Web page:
Conjunctival epithelium thickened in one to two weeks postinjury, but the corneal epithelial layer remained very thin, often with "skip" areas referred to as defects. When such defects were long-lasting, necrotic ulcers, with or without bacterial infection, often supervened. Depending on the severity of the original injury, a scarring, or "hazing," of the corneal stroma was noted.
Lewisite injuries cause necrosis of the deep corneal layers with loss of nuclei of all keratocytes and loss of normal staining characteristics in collagen fibers (Adler et al., 1947). Neutrophils invade the stroma at 24 hours but are replaced by round, chronic inflammatory cells at the end of 10 days. Corneal vascularization is not visible until 5 days after the injury, becoming intense at 14 days. Topical British Anti-Lewisite treatment diminished the severity of these injuries only if given within two to five minutes of injury (Hughes, 1946).
Long-term studies of the effect of sulfur mustard were conducted by Mann and Pullinger (1944). Over a period of 18 months they intermittently examined 138 rabbits injured by sulfur mustard (Figure 8-2). Based on the lifetime of a rabbit as one-tenth that of man, an observation period of 18 months would be sufficient time to develop delayed keratitis in this experimental animal. The results showed that, similar to the human condition, migration of fatty or cholesterin deposits to the surface of the eye could occur after 7 to 8 months and cause recurrent secondary ulceration. In these models of severe burns, it can be concluded that delayed and recurrent keratitis is demonstrable and reproducible.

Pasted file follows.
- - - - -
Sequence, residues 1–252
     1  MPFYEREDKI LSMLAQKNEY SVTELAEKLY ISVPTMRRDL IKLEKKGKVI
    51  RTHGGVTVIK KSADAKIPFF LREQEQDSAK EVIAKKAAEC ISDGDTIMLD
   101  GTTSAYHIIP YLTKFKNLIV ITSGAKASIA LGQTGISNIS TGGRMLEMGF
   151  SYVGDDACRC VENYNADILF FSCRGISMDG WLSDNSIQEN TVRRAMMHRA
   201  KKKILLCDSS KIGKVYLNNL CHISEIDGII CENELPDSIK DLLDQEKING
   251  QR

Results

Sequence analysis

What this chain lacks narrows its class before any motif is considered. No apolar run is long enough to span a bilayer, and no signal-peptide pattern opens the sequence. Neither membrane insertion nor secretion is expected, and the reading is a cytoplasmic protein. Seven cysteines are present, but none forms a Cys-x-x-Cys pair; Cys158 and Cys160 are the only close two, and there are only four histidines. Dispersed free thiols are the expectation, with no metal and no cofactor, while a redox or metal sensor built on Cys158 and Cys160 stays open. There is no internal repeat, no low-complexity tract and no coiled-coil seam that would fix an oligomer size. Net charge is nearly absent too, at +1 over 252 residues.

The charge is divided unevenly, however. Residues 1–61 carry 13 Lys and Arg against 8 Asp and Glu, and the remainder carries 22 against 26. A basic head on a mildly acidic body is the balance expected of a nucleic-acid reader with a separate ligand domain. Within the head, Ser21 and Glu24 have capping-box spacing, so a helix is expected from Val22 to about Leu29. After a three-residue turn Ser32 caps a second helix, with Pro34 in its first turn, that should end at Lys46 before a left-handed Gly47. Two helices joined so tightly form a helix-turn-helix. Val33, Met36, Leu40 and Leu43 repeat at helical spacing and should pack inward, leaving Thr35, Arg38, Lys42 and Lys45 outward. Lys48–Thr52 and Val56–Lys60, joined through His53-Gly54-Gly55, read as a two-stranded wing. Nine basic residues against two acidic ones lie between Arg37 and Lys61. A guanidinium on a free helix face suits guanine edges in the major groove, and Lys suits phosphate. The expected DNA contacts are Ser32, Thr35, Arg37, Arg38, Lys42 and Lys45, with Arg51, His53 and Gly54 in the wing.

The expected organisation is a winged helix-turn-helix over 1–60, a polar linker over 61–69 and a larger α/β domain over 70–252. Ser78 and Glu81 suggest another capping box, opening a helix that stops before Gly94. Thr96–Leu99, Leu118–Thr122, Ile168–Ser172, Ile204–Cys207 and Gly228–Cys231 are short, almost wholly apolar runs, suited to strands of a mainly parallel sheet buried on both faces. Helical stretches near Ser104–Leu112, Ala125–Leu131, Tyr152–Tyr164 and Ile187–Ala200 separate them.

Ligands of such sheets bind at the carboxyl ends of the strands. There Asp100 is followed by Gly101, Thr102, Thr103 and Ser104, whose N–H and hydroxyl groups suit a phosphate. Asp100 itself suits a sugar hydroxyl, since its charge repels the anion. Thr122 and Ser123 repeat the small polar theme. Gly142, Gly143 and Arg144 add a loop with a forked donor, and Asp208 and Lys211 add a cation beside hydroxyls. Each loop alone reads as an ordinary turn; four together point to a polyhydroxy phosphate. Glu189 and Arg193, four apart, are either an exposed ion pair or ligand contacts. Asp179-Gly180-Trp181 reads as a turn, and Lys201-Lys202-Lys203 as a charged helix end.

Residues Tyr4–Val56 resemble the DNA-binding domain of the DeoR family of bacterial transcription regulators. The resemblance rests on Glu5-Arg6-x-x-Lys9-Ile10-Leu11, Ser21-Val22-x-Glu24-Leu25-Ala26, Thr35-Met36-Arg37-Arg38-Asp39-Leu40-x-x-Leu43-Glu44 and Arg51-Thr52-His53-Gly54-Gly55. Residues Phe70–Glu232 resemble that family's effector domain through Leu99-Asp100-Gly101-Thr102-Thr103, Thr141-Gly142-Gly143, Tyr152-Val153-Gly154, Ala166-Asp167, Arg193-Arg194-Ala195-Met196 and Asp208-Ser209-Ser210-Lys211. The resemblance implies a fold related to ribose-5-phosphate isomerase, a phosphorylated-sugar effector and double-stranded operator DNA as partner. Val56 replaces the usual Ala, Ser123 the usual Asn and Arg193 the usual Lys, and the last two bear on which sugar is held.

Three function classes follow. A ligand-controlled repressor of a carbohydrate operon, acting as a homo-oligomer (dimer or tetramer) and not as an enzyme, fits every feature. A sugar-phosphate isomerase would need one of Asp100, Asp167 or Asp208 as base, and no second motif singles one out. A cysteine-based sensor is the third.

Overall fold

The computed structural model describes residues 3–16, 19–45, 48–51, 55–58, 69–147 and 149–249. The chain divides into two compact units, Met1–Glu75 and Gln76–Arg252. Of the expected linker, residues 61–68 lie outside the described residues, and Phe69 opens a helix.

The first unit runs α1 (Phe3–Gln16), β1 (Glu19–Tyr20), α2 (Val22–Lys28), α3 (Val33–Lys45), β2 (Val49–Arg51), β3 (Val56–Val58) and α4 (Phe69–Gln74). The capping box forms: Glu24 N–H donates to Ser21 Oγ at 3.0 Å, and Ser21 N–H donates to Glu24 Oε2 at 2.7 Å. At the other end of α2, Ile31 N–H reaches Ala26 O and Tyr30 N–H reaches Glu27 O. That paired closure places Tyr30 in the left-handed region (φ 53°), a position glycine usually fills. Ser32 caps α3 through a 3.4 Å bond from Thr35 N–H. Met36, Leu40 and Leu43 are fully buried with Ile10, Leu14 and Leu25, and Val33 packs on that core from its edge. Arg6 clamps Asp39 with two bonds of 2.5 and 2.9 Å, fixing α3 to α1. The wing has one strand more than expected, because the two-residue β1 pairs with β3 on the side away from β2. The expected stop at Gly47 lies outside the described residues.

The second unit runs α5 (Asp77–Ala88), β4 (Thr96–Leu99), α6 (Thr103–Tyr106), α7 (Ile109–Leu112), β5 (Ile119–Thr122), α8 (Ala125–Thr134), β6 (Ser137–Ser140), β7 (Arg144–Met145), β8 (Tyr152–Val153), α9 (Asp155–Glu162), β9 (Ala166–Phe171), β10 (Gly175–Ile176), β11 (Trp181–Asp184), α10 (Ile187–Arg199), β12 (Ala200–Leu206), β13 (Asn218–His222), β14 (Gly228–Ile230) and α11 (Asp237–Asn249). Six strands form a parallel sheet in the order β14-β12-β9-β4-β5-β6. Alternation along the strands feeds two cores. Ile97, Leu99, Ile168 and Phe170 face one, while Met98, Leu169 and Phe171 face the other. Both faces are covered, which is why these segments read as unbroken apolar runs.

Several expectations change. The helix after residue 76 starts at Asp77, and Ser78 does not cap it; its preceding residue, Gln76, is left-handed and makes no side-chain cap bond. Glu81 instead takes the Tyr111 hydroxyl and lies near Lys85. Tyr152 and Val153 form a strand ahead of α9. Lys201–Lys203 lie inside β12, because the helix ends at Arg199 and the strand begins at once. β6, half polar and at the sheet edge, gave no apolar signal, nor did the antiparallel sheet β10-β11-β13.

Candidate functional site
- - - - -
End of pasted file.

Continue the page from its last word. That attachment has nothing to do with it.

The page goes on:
Comparison of sulfur mustard injuries to those sustained with Lewisite is summarized in Table 8-3. A summary of the toxicology of Lewisite liquid and vapor is separately tabulated in Table 8-2. Many of the rabbits in the Lewisite study were watched for more than one year; no secondary lipoid degeneration or cholesterin deposition was noted, nor any long-term effect, in particular (Mann et al., 1946).
A large number of injuries occurred in the production of sulfur mustard. A summary of the toxic accidents in all three mustard gas production factories in England showed that 10.4 percent of 939 eye